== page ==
Officials should take COVID impact on Seniors more seriously
Candidates and politicians who criticize the mandates and government response to the deadly COVID pandemic are doing an injustice to Americans, especially to senior citizens, if they don’t offer an alternative plan to fight the virus. Nearly 75 percent of the 800,000 Americans who have died from COVID are Senior Citizens. You can’t say you care for them when you refuse to acknowledge the threatening nature of the virus
By Ray Hanania
Nearly 75 percent of the 800,000 Americans who died from COVID were 65 years of age or older. That number jumps to almost 90 percent when you include those 55 years of age and older.
COVID impacts people differently. The younger and healthier more easily survive. For Seniors, it is a killer or will aggravate existing illnesses, and it cause death sooner.
You would think that would be the concern of some elected officials. But it’s not. In Orland Park, Mayor Keith Pekau declared he will not abide by a Cook County mandate requiring restaurants, gyms, and other establishments to require proof of vaccination for customers starting Monday, Jan. 3.
Not everyone agrees with the County mandate, but what Pekau has failed to do in opposing it is to offer an alternative.
At a board meeting last week, Pekau claimed 94 percent of Orland Park residents are vaccinated. If true, then what’s the problem? Show your vaccination card. Show concern for seniors who are 75 percent more likely to die from COVID.
Although as an elected official, Pekau is supposed to answer to taxpayers like you and me, he becomes personally antagonistic and vindictive against anyone who disagrees with him. That’s a sign of weak character and poor leadership, and also selfishness. It’s about him, not you.
Pekau is pandering to the politics of COVID and the new coronavirus variants, the deadly Delta Virus and the less deadly Omicron virus. Why? He’s running for Congress. He needs publicity to get his name out there so he can connect with the anti-Vaxxers and anti-government members of the public.
He’s running in the June 28 Republican Primary in the 6th Congressional District, in which voters are more than 65 percent Democrat. That means the only chance a Republican has to even come close to winning is to present themselves as a centrist moderate, not as a far-right extremist like Pekau.
But like I said, Pekau’s problem is not that he opposes the mandate. That’s his right. But it is his responsibility to propose an alternative to the Mandate to protect his nearly 60,000 residents and to protect Senior Citizens.
He hasn’t done that.
Seniors are the most abandoned, neglected or pandered to age group in American society. They deserve more attention.
Pekau almost did that by publishing a monthly Senior Magazine, which is filled with general stories and news items about village services. The latest issue includes a two-page column from the mayor about how great he has been as a mayor.
There is one good story about how the Orland Park Police hosted a luncheon for seniors last October. The food was catered by Heinie’s McCarthy’s which coincidentally is featured as the “Business of the Month” in the same magazine.
Orland Park’s Police Department is one of the best in the Southwest Suburbs and despite trash talk from Pekau, the Police have done a great job protecting residents from criminals not just while he was mayor but during the past 20 years. Orland Park has always been touted as one of the safest cities in Illinois and the nation.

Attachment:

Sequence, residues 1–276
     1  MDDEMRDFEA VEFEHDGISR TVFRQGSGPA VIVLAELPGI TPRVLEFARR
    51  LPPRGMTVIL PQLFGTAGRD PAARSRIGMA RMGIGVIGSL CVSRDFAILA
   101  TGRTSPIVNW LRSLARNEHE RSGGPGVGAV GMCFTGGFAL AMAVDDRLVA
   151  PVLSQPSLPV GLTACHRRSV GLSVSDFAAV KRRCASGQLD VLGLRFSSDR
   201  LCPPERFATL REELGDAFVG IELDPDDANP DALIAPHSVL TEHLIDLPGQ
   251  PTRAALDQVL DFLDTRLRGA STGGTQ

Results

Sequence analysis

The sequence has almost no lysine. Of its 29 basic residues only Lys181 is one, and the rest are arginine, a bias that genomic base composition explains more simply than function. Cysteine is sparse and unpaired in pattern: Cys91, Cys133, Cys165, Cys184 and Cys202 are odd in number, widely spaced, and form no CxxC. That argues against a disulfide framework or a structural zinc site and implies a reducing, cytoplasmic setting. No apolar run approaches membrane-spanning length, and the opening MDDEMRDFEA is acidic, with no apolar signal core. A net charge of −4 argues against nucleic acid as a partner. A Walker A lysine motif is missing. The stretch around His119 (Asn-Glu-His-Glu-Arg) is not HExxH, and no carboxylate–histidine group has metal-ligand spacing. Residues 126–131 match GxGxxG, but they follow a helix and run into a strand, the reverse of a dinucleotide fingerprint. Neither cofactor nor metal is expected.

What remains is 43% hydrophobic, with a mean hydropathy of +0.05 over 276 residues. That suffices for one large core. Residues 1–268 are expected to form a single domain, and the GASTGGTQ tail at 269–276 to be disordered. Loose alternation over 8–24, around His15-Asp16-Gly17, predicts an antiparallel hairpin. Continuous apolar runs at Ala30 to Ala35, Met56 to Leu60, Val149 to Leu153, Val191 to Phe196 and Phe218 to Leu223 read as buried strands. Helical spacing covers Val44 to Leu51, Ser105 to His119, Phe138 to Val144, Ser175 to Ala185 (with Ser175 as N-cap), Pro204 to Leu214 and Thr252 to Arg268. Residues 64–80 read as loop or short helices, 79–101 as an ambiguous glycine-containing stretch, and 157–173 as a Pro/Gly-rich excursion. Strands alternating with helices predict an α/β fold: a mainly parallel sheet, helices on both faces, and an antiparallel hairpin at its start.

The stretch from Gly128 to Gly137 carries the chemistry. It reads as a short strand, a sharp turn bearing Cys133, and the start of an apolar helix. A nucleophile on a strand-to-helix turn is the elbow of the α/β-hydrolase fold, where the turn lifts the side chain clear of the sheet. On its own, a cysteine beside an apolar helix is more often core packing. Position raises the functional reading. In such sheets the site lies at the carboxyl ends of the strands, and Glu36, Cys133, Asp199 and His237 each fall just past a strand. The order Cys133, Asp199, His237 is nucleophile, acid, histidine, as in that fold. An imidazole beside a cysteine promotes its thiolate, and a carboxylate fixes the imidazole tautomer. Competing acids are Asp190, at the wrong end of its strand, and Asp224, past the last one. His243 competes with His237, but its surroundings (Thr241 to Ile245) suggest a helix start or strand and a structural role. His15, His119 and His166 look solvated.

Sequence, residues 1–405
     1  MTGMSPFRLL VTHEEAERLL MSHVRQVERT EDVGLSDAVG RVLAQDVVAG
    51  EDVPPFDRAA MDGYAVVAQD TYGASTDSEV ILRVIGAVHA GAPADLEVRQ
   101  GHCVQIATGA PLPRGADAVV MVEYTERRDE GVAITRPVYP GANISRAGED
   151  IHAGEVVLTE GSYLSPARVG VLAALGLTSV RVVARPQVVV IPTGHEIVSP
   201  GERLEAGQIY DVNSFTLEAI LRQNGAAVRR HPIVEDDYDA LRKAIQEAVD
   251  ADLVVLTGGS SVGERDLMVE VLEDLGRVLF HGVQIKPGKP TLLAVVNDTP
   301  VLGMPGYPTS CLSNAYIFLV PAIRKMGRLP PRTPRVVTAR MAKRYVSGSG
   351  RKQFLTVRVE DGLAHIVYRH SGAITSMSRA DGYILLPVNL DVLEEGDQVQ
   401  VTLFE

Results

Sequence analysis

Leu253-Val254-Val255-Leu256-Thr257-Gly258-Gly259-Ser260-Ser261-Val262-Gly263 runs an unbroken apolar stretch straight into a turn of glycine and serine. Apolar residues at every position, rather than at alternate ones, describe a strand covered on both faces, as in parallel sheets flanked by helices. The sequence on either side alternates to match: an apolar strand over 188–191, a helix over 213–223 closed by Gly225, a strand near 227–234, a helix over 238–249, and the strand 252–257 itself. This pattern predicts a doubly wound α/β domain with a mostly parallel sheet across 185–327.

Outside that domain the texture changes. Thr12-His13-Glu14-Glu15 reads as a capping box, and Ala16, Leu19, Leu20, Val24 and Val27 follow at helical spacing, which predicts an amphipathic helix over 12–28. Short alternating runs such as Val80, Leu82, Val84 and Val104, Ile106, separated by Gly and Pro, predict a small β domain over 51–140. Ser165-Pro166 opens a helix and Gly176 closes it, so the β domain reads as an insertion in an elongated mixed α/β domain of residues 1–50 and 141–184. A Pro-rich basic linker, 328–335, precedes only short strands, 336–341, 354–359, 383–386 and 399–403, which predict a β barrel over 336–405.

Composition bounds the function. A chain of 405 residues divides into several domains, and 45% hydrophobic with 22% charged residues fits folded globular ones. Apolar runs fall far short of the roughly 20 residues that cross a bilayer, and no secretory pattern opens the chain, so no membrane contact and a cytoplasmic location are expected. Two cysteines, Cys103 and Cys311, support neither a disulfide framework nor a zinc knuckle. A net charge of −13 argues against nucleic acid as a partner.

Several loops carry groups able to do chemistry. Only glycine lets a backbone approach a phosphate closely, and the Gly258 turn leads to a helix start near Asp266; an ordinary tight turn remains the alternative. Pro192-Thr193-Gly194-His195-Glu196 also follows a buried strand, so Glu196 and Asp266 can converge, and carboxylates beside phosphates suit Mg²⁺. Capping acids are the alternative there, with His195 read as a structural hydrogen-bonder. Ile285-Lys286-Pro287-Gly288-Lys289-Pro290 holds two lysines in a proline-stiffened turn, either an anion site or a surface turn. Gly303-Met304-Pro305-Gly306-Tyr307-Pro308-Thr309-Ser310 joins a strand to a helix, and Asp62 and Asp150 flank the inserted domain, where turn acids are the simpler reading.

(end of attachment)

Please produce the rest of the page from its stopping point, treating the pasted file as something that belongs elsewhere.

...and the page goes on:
Seniors are among those who vote the most, nearly 92 percent in recent elections. But Seniors are forced to struggle in today’s society, many barely able to pay the bills, locked into frozen Social Security and small pensions for which they have to pay taxes.
How does Orland Park intend to protect its Seniors from COVID? Pekau doesn’t have an answer. He ignores it and offers political rhetoric whenever the subject of COVID surfaces.
The only reference in the Senior Magazine to confronting COVID is in a 4-page section showcasing Pathlights, formerly known as PLOWS Council on Aging. There is a 100-word brief in the 42-page magazine on Pathlights’ monthly COVID-19 Zoom info meeting. No date is given.
Pekau has tried to carve himself out as a champion of businesses, after former Trustee Dan Calandriello proposed helping businesses. Pekau responded by attacking Calandriello, accusing him of “grandstanding” for “self-promotion.” Two months later, Pekau basically used Calandriello’s ideas as his own.
Businesses have money. They contribute to election campaigns.
If 94 percent of Orland Park residents are vaccinated as Pekau says, then why not let them show their vaccination cards when entering a business?
The number may or may not be true. And even if it is true, how does it hurt to protect your seniors, who are 25 percent of the village population?
As COVID takes more and more lives, the only message is to pretend like it’s nothing to worry about?
Why not send everyone on a cruise, then?
( Ray Hanania is an award winning former Chicago City Hall reporter. A political analyst and CEO of Urban Strategies Group, Hanania’s opinion columns on mainstream issues are published in the Southwest News Newspaper Group in the Des Plaines Valley News, Southwest News-Herald, The Regional News, The Reporter Newspapers. His Middle East columns are published in the Arab News. For more information on Ray Hanania visit www.Hanania.com or email him at email@example.com.)
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